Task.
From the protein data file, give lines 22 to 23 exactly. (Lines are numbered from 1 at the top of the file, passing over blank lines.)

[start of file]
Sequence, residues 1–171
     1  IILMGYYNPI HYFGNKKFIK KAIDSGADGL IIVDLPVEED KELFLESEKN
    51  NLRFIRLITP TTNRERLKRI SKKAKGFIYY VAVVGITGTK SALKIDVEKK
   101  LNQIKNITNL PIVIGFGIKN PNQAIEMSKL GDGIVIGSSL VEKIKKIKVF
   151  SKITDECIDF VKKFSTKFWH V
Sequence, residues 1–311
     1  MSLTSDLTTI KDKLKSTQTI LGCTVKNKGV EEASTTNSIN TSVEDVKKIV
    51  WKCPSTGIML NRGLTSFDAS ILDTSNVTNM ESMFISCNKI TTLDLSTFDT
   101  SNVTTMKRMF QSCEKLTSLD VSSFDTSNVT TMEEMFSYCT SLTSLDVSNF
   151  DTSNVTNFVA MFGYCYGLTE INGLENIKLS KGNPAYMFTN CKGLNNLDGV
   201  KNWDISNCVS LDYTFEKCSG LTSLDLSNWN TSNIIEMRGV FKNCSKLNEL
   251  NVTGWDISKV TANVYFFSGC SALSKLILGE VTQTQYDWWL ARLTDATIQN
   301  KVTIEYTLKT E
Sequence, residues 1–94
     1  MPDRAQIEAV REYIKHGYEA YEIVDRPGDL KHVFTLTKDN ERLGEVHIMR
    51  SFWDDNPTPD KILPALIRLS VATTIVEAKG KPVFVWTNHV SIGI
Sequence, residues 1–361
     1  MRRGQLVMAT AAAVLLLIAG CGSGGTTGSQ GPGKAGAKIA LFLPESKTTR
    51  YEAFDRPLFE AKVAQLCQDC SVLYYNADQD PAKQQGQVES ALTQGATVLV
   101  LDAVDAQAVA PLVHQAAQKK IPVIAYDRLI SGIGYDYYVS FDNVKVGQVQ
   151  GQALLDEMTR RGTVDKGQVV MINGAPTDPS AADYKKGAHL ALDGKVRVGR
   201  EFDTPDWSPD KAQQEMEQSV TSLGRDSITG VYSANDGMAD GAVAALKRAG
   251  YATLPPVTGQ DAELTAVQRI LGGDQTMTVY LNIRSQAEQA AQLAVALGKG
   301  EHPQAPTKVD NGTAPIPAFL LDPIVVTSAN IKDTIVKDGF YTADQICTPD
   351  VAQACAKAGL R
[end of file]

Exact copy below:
   201  EFDTPDWSPD KAQQEMEQSV TSLGRDSITG VYSANDGMAD GAVAALKRAG
   251  YATLPPVTGQ DAELTAVQRI LGGDQTMTVY LNIRSQAEQA AQLAVALGKG